From Filthy Impure to Functional Cures

Faculty Mentor

Dr. Misty Thomas

Document Type


Publication Date

Spring 2019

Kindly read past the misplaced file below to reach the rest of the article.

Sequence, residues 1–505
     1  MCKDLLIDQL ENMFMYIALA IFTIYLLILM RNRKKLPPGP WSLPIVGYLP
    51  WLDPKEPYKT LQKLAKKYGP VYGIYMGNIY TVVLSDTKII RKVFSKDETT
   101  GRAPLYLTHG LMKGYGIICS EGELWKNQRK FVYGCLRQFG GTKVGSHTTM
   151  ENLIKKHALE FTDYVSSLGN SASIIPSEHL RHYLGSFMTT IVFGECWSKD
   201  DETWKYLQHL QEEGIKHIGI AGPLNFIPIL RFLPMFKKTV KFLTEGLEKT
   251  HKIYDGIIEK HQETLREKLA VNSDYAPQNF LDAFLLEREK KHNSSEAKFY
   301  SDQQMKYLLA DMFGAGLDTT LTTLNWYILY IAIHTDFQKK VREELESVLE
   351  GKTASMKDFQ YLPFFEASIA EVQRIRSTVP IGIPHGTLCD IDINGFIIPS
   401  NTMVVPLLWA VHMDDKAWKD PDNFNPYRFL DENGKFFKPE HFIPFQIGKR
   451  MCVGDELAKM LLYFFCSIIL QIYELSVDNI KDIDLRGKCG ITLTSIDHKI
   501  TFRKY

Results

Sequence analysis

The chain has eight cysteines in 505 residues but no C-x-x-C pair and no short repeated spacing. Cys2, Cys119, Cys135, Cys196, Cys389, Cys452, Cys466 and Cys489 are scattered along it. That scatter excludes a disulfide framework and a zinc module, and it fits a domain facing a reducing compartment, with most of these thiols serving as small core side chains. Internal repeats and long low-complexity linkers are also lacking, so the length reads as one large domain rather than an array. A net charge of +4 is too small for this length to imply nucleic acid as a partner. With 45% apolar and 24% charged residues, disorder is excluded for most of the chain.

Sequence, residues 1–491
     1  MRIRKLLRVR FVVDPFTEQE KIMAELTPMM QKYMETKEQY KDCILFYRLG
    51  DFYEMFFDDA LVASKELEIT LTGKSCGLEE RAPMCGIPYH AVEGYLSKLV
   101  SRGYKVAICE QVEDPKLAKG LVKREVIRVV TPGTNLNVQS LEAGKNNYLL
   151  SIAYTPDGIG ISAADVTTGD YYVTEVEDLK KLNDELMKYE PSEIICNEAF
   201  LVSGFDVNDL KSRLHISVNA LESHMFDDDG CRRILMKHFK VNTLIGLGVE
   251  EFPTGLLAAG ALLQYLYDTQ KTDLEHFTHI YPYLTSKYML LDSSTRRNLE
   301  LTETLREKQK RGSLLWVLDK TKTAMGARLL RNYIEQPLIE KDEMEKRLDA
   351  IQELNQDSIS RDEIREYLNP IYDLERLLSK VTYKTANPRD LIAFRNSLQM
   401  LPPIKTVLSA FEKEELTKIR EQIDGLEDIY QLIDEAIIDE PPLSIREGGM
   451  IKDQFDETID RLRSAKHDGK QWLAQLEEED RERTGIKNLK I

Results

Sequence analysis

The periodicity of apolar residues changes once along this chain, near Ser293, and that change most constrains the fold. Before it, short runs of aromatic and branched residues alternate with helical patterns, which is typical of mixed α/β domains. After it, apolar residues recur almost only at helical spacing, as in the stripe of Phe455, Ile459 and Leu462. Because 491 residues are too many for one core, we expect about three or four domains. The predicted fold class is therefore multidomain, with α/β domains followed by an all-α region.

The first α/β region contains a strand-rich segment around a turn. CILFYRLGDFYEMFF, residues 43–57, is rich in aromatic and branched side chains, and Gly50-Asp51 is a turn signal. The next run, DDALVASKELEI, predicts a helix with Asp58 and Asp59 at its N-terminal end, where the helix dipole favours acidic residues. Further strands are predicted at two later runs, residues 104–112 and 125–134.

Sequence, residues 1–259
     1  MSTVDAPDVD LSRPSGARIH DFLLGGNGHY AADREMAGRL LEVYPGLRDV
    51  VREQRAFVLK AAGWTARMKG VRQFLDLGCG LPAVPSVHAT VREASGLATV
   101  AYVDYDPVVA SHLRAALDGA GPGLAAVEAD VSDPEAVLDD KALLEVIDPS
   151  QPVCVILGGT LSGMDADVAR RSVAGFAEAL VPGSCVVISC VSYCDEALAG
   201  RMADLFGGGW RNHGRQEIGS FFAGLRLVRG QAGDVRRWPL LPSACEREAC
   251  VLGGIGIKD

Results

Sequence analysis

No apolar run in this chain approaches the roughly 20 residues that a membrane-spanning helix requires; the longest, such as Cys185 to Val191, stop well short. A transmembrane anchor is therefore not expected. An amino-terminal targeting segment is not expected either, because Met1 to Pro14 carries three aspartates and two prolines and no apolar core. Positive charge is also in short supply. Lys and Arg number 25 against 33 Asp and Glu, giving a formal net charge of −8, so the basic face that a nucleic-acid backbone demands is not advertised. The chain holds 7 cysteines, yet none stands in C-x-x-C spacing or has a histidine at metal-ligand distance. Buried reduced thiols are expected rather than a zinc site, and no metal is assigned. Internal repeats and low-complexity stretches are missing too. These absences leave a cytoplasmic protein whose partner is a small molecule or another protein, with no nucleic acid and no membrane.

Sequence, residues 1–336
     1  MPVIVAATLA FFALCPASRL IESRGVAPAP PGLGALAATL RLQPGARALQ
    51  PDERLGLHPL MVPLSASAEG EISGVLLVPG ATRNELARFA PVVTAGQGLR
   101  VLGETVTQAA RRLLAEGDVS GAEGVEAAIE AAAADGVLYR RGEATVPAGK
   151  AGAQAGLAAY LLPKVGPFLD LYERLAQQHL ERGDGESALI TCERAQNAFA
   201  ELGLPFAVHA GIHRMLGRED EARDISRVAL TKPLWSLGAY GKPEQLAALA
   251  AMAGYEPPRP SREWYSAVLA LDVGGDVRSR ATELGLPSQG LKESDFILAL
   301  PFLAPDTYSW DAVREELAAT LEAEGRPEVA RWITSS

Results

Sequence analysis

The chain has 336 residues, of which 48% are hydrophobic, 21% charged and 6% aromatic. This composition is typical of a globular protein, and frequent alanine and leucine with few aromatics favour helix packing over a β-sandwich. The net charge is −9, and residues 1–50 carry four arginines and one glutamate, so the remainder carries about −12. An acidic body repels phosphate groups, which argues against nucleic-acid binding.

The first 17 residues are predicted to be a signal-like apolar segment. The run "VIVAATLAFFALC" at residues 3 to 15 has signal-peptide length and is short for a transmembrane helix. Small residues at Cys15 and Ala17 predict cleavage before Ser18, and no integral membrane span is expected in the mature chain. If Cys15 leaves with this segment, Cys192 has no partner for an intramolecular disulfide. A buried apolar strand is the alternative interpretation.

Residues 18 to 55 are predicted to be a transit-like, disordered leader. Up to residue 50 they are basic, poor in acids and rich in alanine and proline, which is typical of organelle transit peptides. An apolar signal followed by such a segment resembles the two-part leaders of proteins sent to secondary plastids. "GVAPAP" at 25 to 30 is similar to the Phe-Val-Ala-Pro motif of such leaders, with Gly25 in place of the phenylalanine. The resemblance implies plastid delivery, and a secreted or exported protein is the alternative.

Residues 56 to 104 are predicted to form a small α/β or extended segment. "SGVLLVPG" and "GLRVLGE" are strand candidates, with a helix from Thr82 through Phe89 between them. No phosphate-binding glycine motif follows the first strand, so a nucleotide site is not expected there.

Antibiotic resistance is a growing issue because of the increased and inappropriate use of them. The ESKAPE pathogens (Enterococcus faecium, Staphylococcus aureus, Klebsiella pneumoniae, Acinetobacter baumannii, Pseudomonas aeruginosa, Enterobacter species, and Mycobacterium tuberculosis) are a group of deadly pathogens with rapidly growing multi-drug resistant properties and are most common in hospital settings. In order to prevent infection by these organisms, scientists are needing to discover novel drugs and antimicrobial agents to fight against the antibiotic crisis. Previous antibiotics have been attained from soil bacteria, which is why the next antibiotic will most likely come from this source. Here we have isolated antibiotic producing bacteria and used that to evaluate the effects of culture medium on the production of their antibiotics. We hypothesize that culture media does affect the ability of bacteria to produce an antibiotic. Each medium has different nutrients which stress the bacteria in different way to encourage antibiotic production. This project tested how much antibiotic was produced against the ESKAPE pathogen safe relatives on four different types of agar: Luria-Bertani Agar (LBA), Reasoner’s 2A Agar (R2A), Trypticase Soy Agar (TSA) and Potato Dextrose Agar (PDA). The bacteria were obtained through dilutions of soil samples. First, the bacteria were swabbed onto the four culture media. After the bacteria grew, the plates were streaked with the ESKAPE relatives and their ability to produce an antibiotic was assessed by measuring the growth of the amount of antibiotic produced. The soil bacteria were successful at producing antibiotics and their production was dependent upon the type of culture medium used. This is important in understanding how culture medium affects antibiotic production using soil bacteria because the next antibiotic will most likely come from soil. This allows us to create new techniques for the detection and isolation of new antibiotics to fight the antibiotic crisis.

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